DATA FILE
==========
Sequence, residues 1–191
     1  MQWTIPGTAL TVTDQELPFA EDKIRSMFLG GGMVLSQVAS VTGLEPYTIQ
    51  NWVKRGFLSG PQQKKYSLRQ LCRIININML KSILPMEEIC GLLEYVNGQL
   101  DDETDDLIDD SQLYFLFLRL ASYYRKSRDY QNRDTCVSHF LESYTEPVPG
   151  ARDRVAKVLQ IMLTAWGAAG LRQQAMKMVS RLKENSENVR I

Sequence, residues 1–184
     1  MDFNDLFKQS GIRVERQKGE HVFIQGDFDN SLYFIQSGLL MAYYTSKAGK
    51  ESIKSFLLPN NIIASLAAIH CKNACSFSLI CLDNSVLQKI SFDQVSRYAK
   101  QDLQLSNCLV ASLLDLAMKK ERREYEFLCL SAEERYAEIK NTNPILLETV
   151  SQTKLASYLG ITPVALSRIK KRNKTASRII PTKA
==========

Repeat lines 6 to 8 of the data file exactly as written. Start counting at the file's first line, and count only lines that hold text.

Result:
Sequence, residues 1–184
     1  MDFNDLFKQS GIRVERQKGE HVFIQGDFDN SLYFIQSGLL MAYYTSKAGK
    51  ESIKSFLLPN NIIASLAAIH CKNACSFSLI CLDNSVLQKI SFDQVSRYAK